Wednesday, December 23, 2009
A judge on Wednesday accused the Colorado parents who falsely claimed their son drifted away in a balloon of exploiting their children in a bid for a reality TV show, sentencing the father to jail and the mother to an alternative sentencing program.
Larimer County Judge Stephen Schapanski ordered Richard Heene to serve 90 days in jail, including 60 days on work release. The sentence means Heene will serve 30 days in jail, before qualifying to leave his cell during the day to work as a construction contractor. He'll remain in jail at night.
Mayumi Heene was ordered to serve 20 days in the Larimer County Workender Program, which would allow her to serve her sentence during the day and spend the nights at home with the couple's three children: Falcon, 6; Ryo, 8; and Bradford, 10, said Linda Jensen, spokeswoman for the Larimer County district attorney's office.
Jensen said the program may or may not involve spending time in a cell. "It just depends on what they decide when she applies for the program," she said.
The alternative sentencing program involves working on community projects under the supervision of jail officials, she said.
Both parents will be on four years of supervised probation after they complete their sentences.
Schapanski blasted the couple during the hearing, telling them they "exploited their children, the media and the emotions of people all over the country for money," according to a release from the Larimer County district attorney.
The judge also barred the couple from profiting from the stunt, which played out live on TV news channels on Oct. 15.
The family, which has numerous videos on YouTube, appeared twice on the ABC reality show Wife Swap, and Larimer County officials said the Heenes were hoping to land a show of their own.
"I do want to reiterate that I'm very, very sorry," Richard Heene tearfully told the court before his sentence was issued.
Heene pleaded guilty last month to attempting to influence a public servant, a Class 4 felony; his wife pleaded guilty to a misdemeanor count of making a false report.
Falcon Heene was missing for several hours after his parents reported that the boy crawled into the family's homemade balloon and drifted away.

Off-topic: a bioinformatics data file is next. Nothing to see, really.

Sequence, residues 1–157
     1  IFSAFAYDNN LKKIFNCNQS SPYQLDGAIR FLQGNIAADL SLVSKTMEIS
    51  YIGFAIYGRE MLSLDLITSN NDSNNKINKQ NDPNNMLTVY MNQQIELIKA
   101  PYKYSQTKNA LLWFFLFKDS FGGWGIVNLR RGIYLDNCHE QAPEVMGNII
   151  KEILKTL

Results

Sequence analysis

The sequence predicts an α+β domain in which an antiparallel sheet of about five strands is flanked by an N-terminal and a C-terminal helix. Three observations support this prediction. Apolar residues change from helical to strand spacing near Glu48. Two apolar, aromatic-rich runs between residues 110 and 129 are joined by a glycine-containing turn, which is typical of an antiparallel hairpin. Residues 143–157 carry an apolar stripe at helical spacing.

Later, Falcon appeared at the family home and said he had been hiding in a crawl space above the garage because his father yelled at him. But the story began to unravel when Falcon said he was hiding "for the show" during a late-night interview on CNN's Larry King Live.
The balloon traveled more than 50 miles from the family home in Fort Collins, Colo., before coming to rest in a freshly plowed field in nearby Weld County. When searchers saw that the boy was not in the balloon, they became concerned that he might have fallen out, and a ground search began.
The search for the boy involved two National Guard helicopters and caused authorities to briefly close Denver International Airport, as officials and television cameras tracked the balloon's flight by air and on the ground while TV viewers watched events unfold live.
According to an agreement worked out with the district attorney, the Heenes have agreed to pay restitution for the cost of the search. But attorney David Lane, who represents Richard Heene, said he plans to challenge the estimated cost of the search.
"These are not rich people. They're going to be saddled with a lot of debt as a result of this," Lane said.
The district attorney's office has estimated the costs at $43,000, so far. The couple may also face a separate $11,000 fine from the Federal Aviation Administration.
The restitution amount will be submitted to the court by prosecutors no later than Jan. 8.
Grace Hood of member station KUNC in Fort Collins, Colo., contributed to this story.